Letterboxing is tech-free beyond finding your set of clues. Instead of coordinates, you use your brain and your powers of observation to follow clues and solve puzzles. That’s what got us hooked on letterboxing — not just the pleasure of the find, but the satisfaction of solving the riddles and unraveling the clues.

Go out and letterbox

Letterboxing is something you can spend the day doing, or something you can incorporate into another activity. One of my favorite summer days ended when my family stumbled out of the woods dirty, sweaty, and beaming after spending six hours hunting down a series of boxes (we found them all). But there are also many letterboxes hidden in the wooded areas of highway rest stops. In fact, Atlas Quest has a feature where you can search by proximity to a highway route, so we like to get a list of boxes hidden along our route on road trips. There are also boxes hidden in less woodsy areas (look for team Well Done, Dragon’s stamp if you letterbox at Cedar Point or the Rochester Hills Public Library). I’ve even heard that there are letterboxes hidden on each of Disney’s cruise ships but I haven’t had the chance to check that one out. Yet.

So unplug, find some clues to a box near you, and go find your prize. And if you find Box 2 of National Treasure, can you give me a hint?

– Nicole Capozello, Parenting Program Volunteer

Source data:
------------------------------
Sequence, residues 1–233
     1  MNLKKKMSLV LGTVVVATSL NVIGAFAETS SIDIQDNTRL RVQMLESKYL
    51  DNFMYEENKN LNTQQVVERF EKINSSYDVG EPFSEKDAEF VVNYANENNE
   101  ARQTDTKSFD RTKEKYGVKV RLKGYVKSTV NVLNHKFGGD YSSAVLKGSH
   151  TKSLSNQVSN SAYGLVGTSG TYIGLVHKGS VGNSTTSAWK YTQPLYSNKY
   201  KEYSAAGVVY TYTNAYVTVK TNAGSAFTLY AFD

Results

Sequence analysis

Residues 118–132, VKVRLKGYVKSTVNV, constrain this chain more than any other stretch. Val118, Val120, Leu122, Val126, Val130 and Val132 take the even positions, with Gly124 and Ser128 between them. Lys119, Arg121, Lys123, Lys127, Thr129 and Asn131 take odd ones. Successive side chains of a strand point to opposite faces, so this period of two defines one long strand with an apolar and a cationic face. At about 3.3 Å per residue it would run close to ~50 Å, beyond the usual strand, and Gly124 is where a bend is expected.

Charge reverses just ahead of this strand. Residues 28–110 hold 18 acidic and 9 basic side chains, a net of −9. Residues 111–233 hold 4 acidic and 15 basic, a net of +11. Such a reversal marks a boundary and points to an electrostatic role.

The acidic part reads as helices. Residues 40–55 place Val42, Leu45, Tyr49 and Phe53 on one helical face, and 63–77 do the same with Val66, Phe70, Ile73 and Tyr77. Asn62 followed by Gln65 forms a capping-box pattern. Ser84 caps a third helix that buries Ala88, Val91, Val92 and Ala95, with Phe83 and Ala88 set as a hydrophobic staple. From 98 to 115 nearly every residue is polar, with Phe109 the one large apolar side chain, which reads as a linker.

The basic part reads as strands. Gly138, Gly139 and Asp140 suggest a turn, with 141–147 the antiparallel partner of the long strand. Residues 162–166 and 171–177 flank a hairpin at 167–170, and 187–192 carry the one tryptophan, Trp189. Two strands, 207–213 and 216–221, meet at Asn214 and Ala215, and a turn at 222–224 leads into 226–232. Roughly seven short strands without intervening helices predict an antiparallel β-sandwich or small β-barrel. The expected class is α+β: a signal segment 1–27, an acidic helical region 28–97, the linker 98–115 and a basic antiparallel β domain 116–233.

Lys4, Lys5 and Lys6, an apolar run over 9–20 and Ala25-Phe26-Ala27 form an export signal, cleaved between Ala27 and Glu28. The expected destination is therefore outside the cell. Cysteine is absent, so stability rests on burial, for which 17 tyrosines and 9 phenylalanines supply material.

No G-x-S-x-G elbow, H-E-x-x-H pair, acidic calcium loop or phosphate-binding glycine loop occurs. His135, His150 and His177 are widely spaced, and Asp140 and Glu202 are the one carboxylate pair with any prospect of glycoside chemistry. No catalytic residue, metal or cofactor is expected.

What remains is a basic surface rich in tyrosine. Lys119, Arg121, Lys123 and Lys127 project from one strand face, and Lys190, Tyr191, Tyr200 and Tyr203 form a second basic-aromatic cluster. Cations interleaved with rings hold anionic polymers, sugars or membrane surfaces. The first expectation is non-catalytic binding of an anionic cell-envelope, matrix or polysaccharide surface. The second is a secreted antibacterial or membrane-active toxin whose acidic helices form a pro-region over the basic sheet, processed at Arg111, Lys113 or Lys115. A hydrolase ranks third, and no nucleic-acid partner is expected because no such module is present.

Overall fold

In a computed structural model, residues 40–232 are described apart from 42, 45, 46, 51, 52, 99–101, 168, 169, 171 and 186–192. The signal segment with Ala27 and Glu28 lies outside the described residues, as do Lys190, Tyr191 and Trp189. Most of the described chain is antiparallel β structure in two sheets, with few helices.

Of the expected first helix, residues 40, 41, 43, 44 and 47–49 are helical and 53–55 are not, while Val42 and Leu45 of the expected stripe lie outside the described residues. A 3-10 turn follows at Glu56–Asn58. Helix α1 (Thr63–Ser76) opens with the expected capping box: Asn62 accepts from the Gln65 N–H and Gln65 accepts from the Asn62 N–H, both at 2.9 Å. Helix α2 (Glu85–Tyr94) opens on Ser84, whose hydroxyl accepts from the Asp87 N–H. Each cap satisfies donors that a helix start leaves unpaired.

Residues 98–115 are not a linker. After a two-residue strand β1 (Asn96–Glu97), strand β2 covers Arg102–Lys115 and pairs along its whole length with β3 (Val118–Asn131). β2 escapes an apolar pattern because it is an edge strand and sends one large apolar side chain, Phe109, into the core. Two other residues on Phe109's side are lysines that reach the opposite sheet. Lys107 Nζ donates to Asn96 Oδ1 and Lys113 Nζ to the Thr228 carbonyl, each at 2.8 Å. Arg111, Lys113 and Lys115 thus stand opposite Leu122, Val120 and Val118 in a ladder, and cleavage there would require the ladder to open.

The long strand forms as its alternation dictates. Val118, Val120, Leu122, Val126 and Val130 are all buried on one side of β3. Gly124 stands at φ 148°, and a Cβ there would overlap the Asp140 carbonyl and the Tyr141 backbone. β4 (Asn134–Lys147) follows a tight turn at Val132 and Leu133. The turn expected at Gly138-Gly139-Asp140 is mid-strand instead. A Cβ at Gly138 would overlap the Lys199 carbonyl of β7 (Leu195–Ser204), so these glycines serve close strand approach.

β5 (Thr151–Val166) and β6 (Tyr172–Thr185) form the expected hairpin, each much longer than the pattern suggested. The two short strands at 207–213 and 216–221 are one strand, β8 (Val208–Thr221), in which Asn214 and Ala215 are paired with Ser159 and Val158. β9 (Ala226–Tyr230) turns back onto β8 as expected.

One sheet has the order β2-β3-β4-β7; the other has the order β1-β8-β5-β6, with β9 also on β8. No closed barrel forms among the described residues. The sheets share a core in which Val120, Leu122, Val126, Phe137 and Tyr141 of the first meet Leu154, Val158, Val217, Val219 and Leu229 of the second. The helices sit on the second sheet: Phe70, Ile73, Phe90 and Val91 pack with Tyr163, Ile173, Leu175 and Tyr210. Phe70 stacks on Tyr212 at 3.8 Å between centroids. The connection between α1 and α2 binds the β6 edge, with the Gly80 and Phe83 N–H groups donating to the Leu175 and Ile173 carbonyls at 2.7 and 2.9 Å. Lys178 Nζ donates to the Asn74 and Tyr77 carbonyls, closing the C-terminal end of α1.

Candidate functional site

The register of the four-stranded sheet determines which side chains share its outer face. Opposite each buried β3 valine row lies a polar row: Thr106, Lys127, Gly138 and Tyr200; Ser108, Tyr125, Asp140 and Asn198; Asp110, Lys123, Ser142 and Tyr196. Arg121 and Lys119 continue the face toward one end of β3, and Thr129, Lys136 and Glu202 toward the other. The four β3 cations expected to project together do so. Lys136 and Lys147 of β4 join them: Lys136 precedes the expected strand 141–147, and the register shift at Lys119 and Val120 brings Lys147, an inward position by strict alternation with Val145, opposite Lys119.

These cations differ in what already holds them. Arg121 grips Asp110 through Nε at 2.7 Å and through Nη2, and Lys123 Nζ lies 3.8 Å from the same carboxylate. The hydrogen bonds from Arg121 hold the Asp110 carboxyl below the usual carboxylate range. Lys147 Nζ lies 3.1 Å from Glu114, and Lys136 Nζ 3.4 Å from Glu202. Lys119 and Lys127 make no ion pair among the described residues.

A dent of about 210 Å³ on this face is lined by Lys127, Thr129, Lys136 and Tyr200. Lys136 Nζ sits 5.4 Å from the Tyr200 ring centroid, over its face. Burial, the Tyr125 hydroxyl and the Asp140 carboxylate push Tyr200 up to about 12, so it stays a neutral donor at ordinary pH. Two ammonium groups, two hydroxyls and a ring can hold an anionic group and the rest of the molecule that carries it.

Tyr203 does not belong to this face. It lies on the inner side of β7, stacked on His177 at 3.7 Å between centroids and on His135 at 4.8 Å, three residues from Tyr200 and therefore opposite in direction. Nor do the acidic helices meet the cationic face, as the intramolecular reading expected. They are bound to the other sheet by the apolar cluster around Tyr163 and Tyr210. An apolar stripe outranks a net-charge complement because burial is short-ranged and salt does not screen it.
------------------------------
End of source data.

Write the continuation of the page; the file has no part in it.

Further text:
Keeping Busy: Sources You Can Use to Find Out Where the Cool Kids Hang Out

Little boy and girl "driving" big trucks

My twins at a local “touch a truck” event I found on Metro Parent.
My son “drove” a SMART bus and my daughter “drove” a Zamboni!

My kids aren’t old enough to say, “Moooom! I’m booooored!” but I’m certainly to the point where I say, “If we don’t do something, I’m going to go insane!”

To help channel their buckets full of energy and save my mind, I’ve amassed a treasure trove of “things to do” resources that I can call on in times of need. Because I love you all, I’ll share, but you have to share your sources, too!

  • MetroParent’s events calendar has tons of events and happenings broken down by county. You need to create a free account to see some of the pages on the site, but they do send a handy weekly “here’s what’s going on email.”
  • Find your local Macaroni Kid. This is an awesome resource for things happening in your neighborhood and community. Bigger calendars don’t always cover library events or programs, but this one does. Subscribe to their email to get a weekly update with calendar and also like them on Facebook. Don’t forget to look at the Macaroni Kid for cities near you, too. If you’re willing to drive 15 minutes, you’ll open the door to all kinds of fun.
  • Subscribe to your local public television station’s calendars and updates. Detroit Public Television has a special section just for your shorties. We met Barney, Super Why and The Cat in the Hat by checking out DPTV emails.
  • Bookmark the Michigan Activity Pass page. Click on the site, enter your ZIP code, and see which museums and attractions offer free or discounted rates through the MAPS program. Just by entering my ZIP code, the search returned 64 entries. Not a bad start!
  • Check out the calendar and tips at MetroDetroitMommy.com. It’s just another source for finding something to do!
  • Also, do a little research and find local mommy bloggers, such as Detroit Moms Blog. These groups usually do “best parks” round-ups, listings of local fireworks shows and more.